Did you burn a Coke?
When Pip Torrance resumes his role as curator, we find his omniscient and visionary character as mysterious as ever, and he continues to lead us through the events of Little Hope – stories of loss, tragedy and sorcery, some of which will be too close to home for some.
Unlike Medan Man, Little Hope is an interesting game where the choice of the player is the only thing that counts. Based on the same ideas as in the iconic and unforgettable film Until Dawn, you have a new cast of characters that you will meet and love/hate during the game.
Thanks to the excellent acting and singing skills, each character feels believable and you will soon feel attracted to certain characters, which is no less important because their entire survival rests entirely on your shoulders.
I really hated Angela that way, but I decided to let her live, hoping to use her as a means to keep everyone else safe. Does that make me look like a bad guy?
As with the previous titles, the cast of Little Hope consists of a famous actor, who is supported by a number of less well-known people. This time we took over Will Powlter, who is best known for his roles in Narnia: Voyage of the Dawn Treader, The Maze Runner and recently also Black Mirror: Bandersnatch.
While Will gives an absolutely phenomenal performance, the rest of the cast would feel uncomfortable concentrating on that performance alone, because the whole cast is doing a fantastic job of getting you into this world and delivering one of the most exciting stories ever.
But on the other hand, I think my best grip is the length of the game – it’s short and you can really feel it. I understand that this is the kind of game that needs to be played, so it’s no problem to be short, but since I need about 6-7 hours, I personally would like an extra hour or two of playing time to get my teeth into it.
The story also begins with Anthony, the second youngest of the four children. During the research with Anthony during a prologue competition we get to know his drunk father, his oppressed mother, his sexy big brother, his caring big sister and his naughty younger sister. Like any family, it has its problems, but it remains functional.
When we start to explore the different rooms of the house, we limit ourselves to the ground floor, but there are some interesting points that enrich the story, from the books that depict the characters to the interactions of the characters that reveal most of their lives and personalities.
As with these games, every decision you make has very real and important consequences, whether bad, neutral or good. If you follow the universal rules of the butterfly effect, the smallest steps you can take can and will have a much greater effect on the world around you in the future. Moreover, any action you take may provoke an equal and opposite reaction.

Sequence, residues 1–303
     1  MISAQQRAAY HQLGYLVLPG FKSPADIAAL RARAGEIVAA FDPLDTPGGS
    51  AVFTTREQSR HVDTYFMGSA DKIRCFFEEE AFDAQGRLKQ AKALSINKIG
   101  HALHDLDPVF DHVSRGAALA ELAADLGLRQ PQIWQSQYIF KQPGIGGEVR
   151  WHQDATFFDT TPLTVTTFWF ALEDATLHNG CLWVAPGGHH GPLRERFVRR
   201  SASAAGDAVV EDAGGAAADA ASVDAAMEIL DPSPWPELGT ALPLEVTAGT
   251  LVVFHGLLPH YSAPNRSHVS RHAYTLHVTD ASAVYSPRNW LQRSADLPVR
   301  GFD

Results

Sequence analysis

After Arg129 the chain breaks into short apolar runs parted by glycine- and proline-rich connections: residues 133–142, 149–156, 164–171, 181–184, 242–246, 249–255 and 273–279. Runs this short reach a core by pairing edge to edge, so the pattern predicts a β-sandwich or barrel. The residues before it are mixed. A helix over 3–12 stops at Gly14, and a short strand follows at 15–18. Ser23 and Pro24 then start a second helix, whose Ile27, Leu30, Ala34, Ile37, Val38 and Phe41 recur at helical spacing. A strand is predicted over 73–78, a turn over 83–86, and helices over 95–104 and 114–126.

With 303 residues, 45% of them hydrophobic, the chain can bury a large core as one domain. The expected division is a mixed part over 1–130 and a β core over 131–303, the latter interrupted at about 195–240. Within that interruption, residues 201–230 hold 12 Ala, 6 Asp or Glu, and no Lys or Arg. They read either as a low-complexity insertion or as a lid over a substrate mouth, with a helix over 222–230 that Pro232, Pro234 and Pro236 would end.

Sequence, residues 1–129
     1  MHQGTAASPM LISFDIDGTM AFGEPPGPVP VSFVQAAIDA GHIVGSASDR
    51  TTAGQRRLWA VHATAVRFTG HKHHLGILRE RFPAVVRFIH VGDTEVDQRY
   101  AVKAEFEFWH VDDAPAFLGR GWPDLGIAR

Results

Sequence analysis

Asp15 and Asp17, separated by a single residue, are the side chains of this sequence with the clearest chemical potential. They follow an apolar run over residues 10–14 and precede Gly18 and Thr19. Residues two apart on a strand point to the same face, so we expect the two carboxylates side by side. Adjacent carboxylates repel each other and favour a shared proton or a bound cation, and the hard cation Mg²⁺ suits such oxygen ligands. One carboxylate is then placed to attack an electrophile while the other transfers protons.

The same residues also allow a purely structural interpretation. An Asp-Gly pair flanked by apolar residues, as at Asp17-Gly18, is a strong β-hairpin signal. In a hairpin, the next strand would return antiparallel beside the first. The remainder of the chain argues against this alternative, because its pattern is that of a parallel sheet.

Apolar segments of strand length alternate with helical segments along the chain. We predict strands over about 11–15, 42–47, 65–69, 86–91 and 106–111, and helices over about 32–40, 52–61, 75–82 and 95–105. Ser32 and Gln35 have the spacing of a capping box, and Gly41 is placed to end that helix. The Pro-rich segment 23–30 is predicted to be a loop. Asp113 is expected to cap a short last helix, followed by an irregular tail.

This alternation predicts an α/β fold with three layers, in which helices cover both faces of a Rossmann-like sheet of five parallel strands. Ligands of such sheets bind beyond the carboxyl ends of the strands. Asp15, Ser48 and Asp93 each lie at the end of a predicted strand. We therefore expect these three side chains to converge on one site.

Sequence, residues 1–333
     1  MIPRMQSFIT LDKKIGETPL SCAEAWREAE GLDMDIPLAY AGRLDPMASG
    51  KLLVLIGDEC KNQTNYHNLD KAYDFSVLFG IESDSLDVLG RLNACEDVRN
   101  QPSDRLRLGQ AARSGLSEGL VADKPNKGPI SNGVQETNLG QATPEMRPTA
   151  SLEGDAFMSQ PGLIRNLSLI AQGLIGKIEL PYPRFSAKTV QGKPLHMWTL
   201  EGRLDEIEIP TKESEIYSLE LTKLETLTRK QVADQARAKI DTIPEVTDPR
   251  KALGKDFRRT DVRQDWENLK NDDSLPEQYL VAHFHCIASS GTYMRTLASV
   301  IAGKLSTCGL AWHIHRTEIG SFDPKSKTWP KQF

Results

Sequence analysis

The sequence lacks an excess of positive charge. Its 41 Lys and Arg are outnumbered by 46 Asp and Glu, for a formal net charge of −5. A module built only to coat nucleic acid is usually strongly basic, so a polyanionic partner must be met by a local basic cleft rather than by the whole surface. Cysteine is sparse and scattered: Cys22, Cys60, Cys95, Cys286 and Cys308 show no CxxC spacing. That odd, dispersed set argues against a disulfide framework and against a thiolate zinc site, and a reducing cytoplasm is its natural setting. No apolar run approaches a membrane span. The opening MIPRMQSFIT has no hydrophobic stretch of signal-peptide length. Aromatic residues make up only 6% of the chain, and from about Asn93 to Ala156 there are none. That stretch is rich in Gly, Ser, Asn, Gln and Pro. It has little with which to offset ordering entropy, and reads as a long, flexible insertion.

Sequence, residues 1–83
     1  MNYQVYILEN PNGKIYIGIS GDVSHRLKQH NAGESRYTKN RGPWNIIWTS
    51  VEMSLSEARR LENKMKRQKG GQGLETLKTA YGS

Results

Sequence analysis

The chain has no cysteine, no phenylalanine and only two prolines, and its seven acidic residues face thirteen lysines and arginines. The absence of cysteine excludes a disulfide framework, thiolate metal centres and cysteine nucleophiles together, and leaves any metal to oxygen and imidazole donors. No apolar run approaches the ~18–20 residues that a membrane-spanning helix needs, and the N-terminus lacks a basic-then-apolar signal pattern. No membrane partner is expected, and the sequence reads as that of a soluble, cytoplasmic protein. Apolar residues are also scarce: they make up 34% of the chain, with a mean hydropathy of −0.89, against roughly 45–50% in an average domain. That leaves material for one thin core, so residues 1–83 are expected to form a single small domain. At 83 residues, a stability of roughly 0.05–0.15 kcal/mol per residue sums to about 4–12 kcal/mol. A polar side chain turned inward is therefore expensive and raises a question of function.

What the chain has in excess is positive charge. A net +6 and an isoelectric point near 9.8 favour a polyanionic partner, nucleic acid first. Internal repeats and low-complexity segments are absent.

Traditionally, to avoid spoilers, I don’t go into the details of the story, but I say it’s clever. That’s clever, because some of the most obvious revelations are so well hidden that you probably won’t see them coming – I know you won’t!
While preserving the theme of the dark landscape of the Salem Witch Trials, Little Hope is definitely a scary game, and although I am not one of those who can be overwhelmed by horror, I could not help but take the dark and presumptuous tone of my surroundings to really appreciate the harsh but mysterious atmosphere so skillfully conveyed by the game.
With individual lighting adapted to each area, fog that penetrates to a sense of claustrophobia in prisons, and scary places that have almost no meaning in real life, the anthology of dark images : Little Hope has a fantastic look and music that fits a theme only makes it better.
It is worth mentioning that my evaluation is based solely on the experience of a single user, since I have not yet had the opportunity to try the multiplayer features with a friend.
In general, it’s hard to say whether Little Hope is an excellent game compared to its predecessor, simply because it’s so different from the others. Where the man from Medana was put on a ghost boat, Little Hope lies in an isolated and icy town in the middle of nowhere.
There is a lot of fear avoidance and a large and varied number of interesting interactions, but the question I keep coming back to – but will it be over by dawn? And the answer to this question – no, but he manages to give you another cold experience that will keep you in place from start to finish and remain an absolute pleasure to play.
If you haven’t done the anthology of dark images yet: Little Hope, I highly recommend it, and for £20 at selected retailers it’s a real bargain.
This review first appeared on Weknowgamers – a gambling website we’re currently working with. You can read the original message HERE
Click here to return to our reviews in.
All our reviews of video games are also available on OpenCritic.